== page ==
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Program helps women BATTLE breast cancer
MISSISSIPPI STATE -- When her little sister died shortly after being diagnosed with breast cancer, grief wasn't the only emotion Peggy Crawford felt.
"My younger sister, Marsha, died at 45 years old, within 50 weeks of learning she had breast cancer. That really ticked me off," Crawford said. Marsha left an 8-year-old daughter behind.
Instead of remaining angry, Crawford started BATTLE, an acronym for Breast cancer Awareness To Teach Ladies Early detection.
"Nine years ago I sat down with my good friend Glenda Gregory, who was the Winston County Extension home economist, and asked her if she would partner with me on this," Crawford said. "We devised our protocol for BATTLE and began getting out information on the program."
Crawford was a member of the Mississippi Academy of Family Physicians Alliance, a group of physicians' spouses. For the first several years of the program, that organization partnered with Mississippi State University's Extension Service to provide breast cancer awareness programming. Last year, the Winston County Medical Center became a BATTLE partner.
Crawford and Gregory saturated the state with information in those first years on breast cancer awareness and prevention. The program was so successful that the two women were invited to the Information and Quality Healthcare Foundation in Jackson to explain the program's success.
"We were the best in the state per capita for women 50 to 65 years old getting mammograms done. We kept that record for seven years -- we just lost it this year by a fraction of a point to Ackerman," Crawford said. "That's because of this program."
Gregory's decision to become involved with BATTLE also was motivated by family: her mother had breast cancer, which was detected by a mammogram. Gregory said that experience showed her the importance of women having yearly mammograms. She said the program's impact on Winston County women and men has been tremendous.
"When we started out with the program, 34 percent of the ladies in Winston County over the age of 65 received mammograms. The last report we got showed around 67 percent received mammograms," Gregory said. "I don't know that BATTLE was the sole reason for this increase, but I do know it has made an impact on the ladies."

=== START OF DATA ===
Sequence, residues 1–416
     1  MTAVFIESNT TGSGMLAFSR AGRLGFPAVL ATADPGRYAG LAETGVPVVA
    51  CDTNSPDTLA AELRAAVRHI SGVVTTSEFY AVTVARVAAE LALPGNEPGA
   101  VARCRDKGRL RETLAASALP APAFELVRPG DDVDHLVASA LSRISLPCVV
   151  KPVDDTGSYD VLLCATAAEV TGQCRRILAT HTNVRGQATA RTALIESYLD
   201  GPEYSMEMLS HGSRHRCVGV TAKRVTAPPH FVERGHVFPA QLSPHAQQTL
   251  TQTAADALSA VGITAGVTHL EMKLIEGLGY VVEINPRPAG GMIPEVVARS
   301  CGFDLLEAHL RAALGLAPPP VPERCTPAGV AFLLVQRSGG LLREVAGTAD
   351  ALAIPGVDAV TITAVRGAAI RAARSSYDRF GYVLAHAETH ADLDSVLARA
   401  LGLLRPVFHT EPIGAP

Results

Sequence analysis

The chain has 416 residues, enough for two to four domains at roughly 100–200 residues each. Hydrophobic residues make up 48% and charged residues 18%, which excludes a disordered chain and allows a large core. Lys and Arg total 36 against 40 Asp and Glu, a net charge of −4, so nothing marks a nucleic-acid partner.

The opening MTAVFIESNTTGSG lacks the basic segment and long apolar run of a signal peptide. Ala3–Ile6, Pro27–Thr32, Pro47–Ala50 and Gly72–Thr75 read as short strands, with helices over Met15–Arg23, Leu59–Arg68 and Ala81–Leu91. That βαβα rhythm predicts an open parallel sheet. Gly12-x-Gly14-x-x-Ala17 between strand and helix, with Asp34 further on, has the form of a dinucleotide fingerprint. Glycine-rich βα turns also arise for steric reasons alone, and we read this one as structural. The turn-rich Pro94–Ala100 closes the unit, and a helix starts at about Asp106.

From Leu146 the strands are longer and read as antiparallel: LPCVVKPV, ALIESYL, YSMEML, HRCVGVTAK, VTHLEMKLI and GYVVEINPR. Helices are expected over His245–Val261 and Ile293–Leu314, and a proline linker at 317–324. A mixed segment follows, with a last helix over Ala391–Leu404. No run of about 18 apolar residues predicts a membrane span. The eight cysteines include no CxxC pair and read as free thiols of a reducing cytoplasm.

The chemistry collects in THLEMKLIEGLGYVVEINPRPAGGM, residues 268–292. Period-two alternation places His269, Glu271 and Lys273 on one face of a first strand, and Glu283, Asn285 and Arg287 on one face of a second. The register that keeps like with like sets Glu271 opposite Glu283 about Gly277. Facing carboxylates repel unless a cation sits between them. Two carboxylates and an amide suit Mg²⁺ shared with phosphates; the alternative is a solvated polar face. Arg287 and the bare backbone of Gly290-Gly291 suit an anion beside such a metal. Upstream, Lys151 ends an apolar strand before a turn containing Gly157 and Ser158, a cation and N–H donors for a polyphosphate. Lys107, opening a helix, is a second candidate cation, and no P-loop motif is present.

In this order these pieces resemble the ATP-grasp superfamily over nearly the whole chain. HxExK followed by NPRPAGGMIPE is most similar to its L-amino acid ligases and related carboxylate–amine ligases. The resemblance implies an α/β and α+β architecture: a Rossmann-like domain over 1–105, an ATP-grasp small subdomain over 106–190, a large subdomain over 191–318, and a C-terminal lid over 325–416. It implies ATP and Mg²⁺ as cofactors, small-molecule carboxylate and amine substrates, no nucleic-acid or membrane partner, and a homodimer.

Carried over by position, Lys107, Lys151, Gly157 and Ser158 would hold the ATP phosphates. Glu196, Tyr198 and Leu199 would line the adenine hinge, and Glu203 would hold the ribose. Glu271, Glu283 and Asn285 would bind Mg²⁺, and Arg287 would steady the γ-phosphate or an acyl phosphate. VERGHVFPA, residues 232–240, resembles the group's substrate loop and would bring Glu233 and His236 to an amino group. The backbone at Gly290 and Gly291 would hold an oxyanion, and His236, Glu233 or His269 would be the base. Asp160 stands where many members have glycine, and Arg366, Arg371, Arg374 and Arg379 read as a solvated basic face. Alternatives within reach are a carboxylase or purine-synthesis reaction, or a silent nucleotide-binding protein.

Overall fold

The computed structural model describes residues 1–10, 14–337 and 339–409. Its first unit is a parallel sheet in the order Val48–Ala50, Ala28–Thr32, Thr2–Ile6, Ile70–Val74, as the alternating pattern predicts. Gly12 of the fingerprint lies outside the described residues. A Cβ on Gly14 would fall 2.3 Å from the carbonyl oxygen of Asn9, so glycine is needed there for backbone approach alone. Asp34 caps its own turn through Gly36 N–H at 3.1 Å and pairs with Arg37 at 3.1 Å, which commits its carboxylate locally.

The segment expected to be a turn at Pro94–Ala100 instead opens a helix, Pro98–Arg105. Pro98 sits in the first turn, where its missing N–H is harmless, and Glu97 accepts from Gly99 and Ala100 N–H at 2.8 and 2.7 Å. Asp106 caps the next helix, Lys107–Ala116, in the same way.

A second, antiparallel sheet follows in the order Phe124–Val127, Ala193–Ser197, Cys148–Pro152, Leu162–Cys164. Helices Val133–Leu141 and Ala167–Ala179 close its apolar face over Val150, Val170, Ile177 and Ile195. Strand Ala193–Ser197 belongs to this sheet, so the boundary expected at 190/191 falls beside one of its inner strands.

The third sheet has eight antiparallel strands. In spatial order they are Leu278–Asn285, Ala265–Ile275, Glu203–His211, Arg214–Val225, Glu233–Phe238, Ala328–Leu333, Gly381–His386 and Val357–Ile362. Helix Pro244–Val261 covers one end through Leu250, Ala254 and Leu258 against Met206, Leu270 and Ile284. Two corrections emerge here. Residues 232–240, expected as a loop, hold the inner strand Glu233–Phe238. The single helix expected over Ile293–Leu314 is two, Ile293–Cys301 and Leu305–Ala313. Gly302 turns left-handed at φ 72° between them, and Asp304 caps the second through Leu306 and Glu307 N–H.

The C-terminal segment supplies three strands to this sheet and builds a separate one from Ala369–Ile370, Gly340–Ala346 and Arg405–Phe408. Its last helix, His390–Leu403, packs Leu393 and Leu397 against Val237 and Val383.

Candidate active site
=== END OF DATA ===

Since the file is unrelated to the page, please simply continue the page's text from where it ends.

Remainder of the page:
Gregory said the program is a result of two people getting involved in an awareness program and the county embracing it.
"Without the support of individuals, businesses, doctors and the hospital, this program could not have been such a success. In the last few years, a planning committee was formed. This committee meets to plan our luncheon and shares in the work pulling it all together," Gregory said.
Local doctors approve of the program and support it by purchasing tables at the BATTLE luncheon and fashion show. The first BATTLE luncheon was held six years ago and served 32 guests. Now that number has grown to 325, with only space limiting further growth.
"The first luncheon we had, the idea was to buy a ticket for yourself and one for an underserved person who might not normally have an annual mammogram. The next year, we started selling tables to businesses and individuals. A table seats six people, and sponsoring one table allows six people to eat, receive information on breast cancer prevention and see the fashion show," Gregory said.
The luncheon features a well-known breast cancer-related keynote speaker, often a survivor or relative of a survivor. Crawford said the first keynote speaker was a young man whose presentation was called "What it's like when your mother has breast cancer."
"There wasn't a dry eye in the room -- men and women were crying," she said.
For the fashion revue, breast cancer survivors model clothes from stores in Winston County. As each model walks the runway, an emcee tells how long the model has been a survivor.
The program is such a success that other Mississippi counties now hope to start their own BATTLE groups. Crawford credits the program's success to the firm grasp breast cancer has on people's lives.
"Everyone is touched by breast cancer in some fashion because we all have a mother, a grandmother, a sister, a wife -- and even our daughters can get this disease," Crawford said.
Though she lost her own sister, Crawford's hope is that awareness will prevent other young women from losing their lives.
"We really believe that when God closes one window, He opens another one somewhere," she said. "If Marsha hadn't died, I wouldn't have gotten involved with BATTLE."
Contact: Glenda Gregory, (662) 773-2882